Now referring to FIG. 3, major surface 12 and field oxide 14 are coated with a conformal layer of dielectric material 31. Suitable materials for layer of dielectric material 31 include silicon dioxide, nitride, and the like. By way of example, layer of dielectric material 31 has a thickness ranging between approximately 5,000 angstroms and approximately 7,000 angstroms. Using techniques well known to those skilled in the art, openings 32 are formed in layer of dielectric material 31 to expose a portion of surface 12 of dopant regions 22 and 27. Anode electrodes 33 are formed by filling openings 32, which expose surface 12 of dopant regions 22, with a conductive material. Cathode electrodes 34 are formed by filling openings 32, exposing surface 12 of dopant regions 27, with a conductive material. In other words, anode electrodes 33 contact dopant regions 22 and cathode electrodes 34 contact dopant regions 27. Suitable materials for electrodes 33 and 34 include aluminum, titanium, tungsten, molybdenum, tantalum, and combinations thereof. Techniques for forming electrodes in contact with dopant regions are known to those skilled in the art.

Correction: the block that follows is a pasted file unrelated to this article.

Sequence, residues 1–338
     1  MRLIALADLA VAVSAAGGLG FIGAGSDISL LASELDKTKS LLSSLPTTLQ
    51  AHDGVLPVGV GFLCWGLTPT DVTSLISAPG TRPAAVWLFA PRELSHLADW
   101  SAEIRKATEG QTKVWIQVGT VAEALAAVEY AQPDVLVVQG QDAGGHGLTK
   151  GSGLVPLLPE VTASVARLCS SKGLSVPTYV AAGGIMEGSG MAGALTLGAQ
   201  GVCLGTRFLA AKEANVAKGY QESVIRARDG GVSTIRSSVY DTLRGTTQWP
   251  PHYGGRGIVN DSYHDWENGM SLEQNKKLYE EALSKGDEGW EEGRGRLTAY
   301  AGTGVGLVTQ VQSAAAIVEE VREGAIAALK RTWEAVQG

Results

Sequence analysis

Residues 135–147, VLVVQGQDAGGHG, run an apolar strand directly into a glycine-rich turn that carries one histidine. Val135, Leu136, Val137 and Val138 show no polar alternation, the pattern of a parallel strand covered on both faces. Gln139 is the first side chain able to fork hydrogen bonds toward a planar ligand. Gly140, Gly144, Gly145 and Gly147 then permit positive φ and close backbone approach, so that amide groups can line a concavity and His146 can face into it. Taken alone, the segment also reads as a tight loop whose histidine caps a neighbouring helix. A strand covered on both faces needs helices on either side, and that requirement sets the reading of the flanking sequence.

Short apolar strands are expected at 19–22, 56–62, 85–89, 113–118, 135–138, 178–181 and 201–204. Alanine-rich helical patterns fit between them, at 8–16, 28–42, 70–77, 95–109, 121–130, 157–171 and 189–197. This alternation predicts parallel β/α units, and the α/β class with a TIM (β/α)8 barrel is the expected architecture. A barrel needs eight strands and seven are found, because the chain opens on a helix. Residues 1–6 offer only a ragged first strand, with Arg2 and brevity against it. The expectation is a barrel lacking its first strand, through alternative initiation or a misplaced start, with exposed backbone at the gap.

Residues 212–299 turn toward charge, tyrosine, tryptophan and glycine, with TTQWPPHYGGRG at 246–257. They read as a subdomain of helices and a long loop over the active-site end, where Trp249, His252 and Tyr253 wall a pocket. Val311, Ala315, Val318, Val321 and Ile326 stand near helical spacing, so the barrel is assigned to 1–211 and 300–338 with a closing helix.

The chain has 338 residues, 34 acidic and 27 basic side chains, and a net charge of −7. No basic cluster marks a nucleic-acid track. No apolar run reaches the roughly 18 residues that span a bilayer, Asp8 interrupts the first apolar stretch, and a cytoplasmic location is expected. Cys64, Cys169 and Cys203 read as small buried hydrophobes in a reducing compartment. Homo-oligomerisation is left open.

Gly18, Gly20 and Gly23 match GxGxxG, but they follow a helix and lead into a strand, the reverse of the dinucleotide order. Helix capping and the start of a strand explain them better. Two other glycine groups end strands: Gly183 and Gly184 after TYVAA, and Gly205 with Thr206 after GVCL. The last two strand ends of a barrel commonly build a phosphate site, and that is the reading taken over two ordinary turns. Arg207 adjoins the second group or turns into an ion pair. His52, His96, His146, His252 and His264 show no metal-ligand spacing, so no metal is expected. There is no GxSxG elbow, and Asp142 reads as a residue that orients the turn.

Now referring to FIG. 4, a top view of the portion 10 of the ESD protection device of FIG. 3 is illustrated. The location of dopant regions 22 and 27 below layer of dielectric material 31 are illustrated by broken lines 37 and 38, respectively. In addition, the spacer regions 29 are indicated by arrows 39. Anode electrodes 33 are shown as a plurality of conductive fingers over dopant regions 22 and portions of layer of dielectric material 31. Preferably, anode electrodes 33 are coupled to a ground potential via extension 41. Cathode electrodes 34 are shown as a plurality of conductive fingers over dopant regions 27 and portions of layer of dielectric material 31. Preferably, portions of cathode electrodes 34 are interdigitated with portions of anode electrodes 33 and a portion of cathode 34 is coupled to contact pad 42.